Do stars made of antimatter exist in the universe? Possibly.
One of the great mysteries of cosmology and astrophysics is that even though equal quantities of matter and antimatter appear to have been produced during the “Big Bang”, today there is only a negligible quantity of antimatter in the observable universe. We do not appear to live in a matter-antimatter symmetric universe.
If antimatter stars, “antistars”, do exist, how could we distinguish them from stars made of normal matter? The light emitted from an antistar would look identical to the light emitted by a normal-matter star.
But if normal matter were infalling upon an antistar, the contact between matter and antimatter would generate an annihilation spectrum of gamma ray photons that peaks around energy 70 MeV (half the mass of a neutral pion) up to a sharp cutoff around 938 MeV (mass of the proton).
A recent analysis of data collected by the Fermi Gamma-ray Space Telescope found fourteen possible antistars. These fourteen point sources produce a gamma-ray signature indicative of matter-antimatter annihilation. These point sources do not exhibit the characteristics of other known gamma-ray sources. For example, they are not, ostensibly, pulsars, active galactic nuclei, or black holes.
The positional error ellipses for these fourteen point sources range from 11×10 arcminutes up to 128×68 arcminutes (95% confidence). Here are optical images of these sources from the Palomar Digital Sky Survey, in order of right ascension (epoch 2000 coordinates).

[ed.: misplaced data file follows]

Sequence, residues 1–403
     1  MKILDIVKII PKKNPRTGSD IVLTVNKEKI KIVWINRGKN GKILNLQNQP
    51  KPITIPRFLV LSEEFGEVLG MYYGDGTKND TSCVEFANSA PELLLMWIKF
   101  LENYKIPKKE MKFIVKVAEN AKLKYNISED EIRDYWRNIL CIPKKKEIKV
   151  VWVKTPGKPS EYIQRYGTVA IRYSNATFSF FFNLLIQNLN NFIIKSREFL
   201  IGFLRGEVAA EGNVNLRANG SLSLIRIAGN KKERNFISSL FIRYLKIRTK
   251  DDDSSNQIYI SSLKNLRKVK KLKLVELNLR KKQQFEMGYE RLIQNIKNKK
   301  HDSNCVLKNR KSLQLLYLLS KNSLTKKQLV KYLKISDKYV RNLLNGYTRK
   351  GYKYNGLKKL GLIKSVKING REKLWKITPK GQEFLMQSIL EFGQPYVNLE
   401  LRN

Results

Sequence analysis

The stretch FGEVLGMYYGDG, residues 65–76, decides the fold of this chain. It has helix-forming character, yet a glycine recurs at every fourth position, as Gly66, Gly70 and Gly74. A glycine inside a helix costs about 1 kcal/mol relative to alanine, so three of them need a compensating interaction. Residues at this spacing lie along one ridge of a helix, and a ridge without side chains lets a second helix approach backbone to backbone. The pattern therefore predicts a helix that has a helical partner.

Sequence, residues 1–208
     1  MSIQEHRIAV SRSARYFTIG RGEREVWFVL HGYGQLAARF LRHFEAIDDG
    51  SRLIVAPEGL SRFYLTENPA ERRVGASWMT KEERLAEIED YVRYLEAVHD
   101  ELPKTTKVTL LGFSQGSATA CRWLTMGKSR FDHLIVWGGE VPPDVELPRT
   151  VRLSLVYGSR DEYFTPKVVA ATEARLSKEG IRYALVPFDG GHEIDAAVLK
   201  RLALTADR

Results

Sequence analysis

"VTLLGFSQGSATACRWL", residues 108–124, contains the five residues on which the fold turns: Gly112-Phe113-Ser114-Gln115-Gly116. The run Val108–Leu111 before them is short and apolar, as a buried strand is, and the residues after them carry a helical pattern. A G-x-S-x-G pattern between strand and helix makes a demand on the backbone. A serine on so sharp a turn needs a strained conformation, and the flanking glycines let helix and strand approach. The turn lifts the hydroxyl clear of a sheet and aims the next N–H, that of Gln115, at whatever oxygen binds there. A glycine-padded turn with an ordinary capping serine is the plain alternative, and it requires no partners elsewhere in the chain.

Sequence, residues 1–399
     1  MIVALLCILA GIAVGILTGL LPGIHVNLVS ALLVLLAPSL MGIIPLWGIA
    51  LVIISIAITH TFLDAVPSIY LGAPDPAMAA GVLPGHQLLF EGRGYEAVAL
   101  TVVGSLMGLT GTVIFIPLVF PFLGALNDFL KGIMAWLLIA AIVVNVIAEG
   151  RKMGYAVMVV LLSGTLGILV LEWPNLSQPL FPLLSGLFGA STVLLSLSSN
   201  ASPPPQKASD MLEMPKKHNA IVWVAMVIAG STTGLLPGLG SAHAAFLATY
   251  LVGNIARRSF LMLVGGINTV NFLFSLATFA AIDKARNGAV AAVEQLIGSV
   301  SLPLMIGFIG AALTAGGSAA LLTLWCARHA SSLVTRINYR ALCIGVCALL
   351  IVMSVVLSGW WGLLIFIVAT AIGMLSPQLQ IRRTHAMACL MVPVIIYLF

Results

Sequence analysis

Since there appears to be no known way to distinguish a star made of antimatter from one made of matter—except for the gamma-ray signature of matter infalling onto the antimatter star, a higher-resolution gamma-ray telescope or interferometer (10 – 1000 MeV) needs to be developed to localize these candidate sources to within a few arcseconds. Higher spectral resolution will help as well, allowing a more detailed characterization of the gamma-ray spectrum.
S. Dupourqué, L. Tibaldo and P. von Ballmoos. Constraints on the antistar fraction in the solar system neighborhood from the 10-year Fermi Large Area Telescope gamma-ray source catalog. Physical Review D. Published online April 20, 2021. doi: 10.1103/PhysRevD.103.083016.
M. Temming (2021, June 5). Antistars could lurk in Milky Way. Science News, 199(10), 8-9.